Foreign Direct Investment and Employment: Home Country Experience in the United States and Sweden

21 Pages Posted: 30 Aug 2000

See all articles by Magnus Blomstrom

Magnus Blomstrom

Stockholm School of Economics - Department of Economics; National Bureau of Economic Research (NBER), at New York; Centre for Economic Policy Research (CEPR)

Gunnar Fors

Research Institute of Industrial Economics (IFN)

Robert E. Lipsey

National Bureau of Economic Research (NBER) at New York (Deceased)

Date Written: October 1997

Abstract

We compare the relation between foreign affiliate production and parent employment in U.S. manufacturing multinationals with that in Swedish firms. U.S. multinationals appear to have allocated some of their more labor intensive operations selling in world markets to affiliates in developing countries, reducing the labor intensity in their home production. Swedish multinationals produce relatively little in developing countries and most of that has been for sale within host countries with import-substituting trade regimes. The great majority of Swedish affiliate production is in high-income countries, the U.S. and Europe, and is associated with more employment, particularly blue-collar employment, in the parent companies. The small Swedish-owned production that does take place in developing countries is also associated with more white-collar employment at home. The effects on white-collar employment within the Swedish firms have grown smaller and weaker over time.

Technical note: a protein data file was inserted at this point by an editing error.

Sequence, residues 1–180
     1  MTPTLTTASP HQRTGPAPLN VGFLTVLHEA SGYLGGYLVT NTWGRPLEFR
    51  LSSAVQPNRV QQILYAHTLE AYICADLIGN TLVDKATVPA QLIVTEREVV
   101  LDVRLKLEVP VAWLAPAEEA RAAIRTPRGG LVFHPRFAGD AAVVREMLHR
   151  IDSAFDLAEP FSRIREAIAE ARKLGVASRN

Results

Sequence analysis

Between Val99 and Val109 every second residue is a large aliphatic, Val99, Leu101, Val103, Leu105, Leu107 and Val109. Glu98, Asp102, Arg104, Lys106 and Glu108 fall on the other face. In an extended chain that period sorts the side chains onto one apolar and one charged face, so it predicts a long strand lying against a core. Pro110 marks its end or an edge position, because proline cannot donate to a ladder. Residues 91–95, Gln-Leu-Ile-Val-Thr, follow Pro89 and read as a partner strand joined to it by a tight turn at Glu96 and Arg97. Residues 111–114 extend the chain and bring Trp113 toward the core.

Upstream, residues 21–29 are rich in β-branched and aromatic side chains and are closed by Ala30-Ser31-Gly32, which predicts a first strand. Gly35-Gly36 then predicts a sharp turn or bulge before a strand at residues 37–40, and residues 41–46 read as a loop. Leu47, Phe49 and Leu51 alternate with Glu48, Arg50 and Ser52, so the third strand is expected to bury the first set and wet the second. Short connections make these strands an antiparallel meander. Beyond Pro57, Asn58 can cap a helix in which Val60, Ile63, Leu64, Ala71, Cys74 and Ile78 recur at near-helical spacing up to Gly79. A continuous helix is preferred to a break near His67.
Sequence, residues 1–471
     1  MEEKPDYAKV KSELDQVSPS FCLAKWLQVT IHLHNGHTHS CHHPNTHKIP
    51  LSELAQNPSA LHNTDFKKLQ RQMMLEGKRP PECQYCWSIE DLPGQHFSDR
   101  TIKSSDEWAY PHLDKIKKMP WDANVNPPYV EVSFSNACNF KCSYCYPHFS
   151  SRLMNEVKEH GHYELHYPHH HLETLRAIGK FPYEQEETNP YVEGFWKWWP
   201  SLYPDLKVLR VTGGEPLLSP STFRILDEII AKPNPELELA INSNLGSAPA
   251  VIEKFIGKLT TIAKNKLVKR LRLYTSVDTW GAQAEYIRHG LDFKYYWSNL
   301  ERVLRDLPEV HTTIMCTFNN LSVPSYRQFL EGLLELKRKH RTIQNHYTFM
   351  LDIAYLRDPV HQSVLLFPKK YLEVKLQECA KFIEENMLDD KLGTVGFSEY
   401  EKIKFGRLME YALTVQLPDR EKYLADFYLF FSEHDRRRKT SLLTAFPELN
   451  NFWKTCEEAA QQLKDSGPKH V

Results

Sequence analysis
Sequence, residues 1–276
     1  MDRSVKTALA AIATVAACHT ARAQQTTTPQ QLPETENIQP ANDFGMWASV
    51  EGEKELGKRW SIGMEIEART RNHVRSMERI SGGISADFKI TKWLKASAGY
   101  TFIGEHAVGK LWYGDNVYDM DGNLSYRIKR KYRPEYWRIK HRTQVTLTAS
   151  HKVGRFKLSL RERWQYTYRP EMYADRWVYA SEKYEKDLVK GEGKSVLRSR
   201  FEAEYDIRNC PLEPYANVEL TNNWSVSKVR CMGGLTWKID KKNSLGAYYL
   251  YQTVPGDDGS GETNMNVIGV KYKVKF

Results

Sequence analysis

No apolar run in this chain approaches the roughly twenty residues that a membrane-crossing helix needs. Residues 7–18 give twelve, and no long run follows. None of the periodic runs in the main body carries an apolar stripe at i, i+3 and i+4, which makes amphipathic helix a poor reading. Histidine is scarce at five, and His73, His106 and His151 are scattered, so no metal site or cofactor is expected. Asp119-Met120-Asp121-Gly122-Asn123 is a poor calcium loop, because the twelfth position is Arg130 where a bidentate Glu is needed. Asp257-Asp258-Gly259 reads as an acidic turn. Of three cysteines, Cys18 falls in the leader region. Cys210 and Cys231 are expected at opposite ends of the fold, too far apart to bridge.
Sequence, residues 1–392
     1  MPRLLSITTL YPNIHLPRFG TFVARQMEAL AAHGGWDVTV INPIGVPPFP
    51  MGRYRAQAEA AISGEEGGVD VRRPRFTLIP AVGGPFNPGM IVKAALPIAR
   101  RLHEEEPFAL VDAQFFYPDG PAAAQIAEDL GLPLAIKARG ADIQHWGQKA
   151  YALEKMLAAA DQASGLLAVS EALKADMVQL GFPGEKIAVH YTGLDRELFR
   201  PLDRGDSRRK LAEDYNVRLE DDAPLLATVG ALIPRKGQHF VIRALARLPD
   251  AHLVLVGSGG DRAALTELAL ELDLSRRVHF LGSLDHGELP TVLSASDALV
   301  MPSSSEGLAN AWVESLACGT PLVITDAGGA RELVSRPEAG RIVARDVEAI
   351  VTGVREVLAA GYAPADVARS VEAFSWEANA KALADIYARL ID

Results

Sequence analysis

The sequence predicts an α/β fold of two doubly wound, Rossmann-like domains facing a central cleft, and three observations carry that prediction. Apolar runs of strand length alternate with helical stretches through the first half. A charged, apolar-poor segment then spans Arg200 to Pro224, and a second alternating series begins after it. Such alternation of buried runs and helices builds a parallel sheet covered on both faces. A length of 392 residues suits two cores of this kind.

Suggested Citation

Blomstrom, Magnus and Fors, Gunnar and Lipsey, Robert E., Foreign Direct Investment and Employment: Home Country Experience in the United States and Sweden (October 1997). NBER Working Paper No. w6205. Available at SSRN: https://ssrn.com/abstract=225963

Magnus Blomstrom (Contact Author)

Stockholm School of Economics - Department of Economics ( email )

P.O. Box 6501
Sveavagen 65
S-113 83 Stockholm
Sweden
+46 8 736 9265 (Phone)
+46 8 342 818 (Fax)

National Bureau of Economic Research (NBER), at New York

365 Fifth Avenue, 5th Floor
New York, NY 10016-4309
United States

Centre for Economic Policy Research (CEPR)

London
United Kingdom

Gunnar Fors

Research Institute of Industrial Economics (IFN)

Grevgatan 34, 2nd floor
S-114 85 Stockholm, SE-102 15
Sweden

Robert E. Lipsey

National Bureau of Economic Research (NBER) at New York (Deceased)

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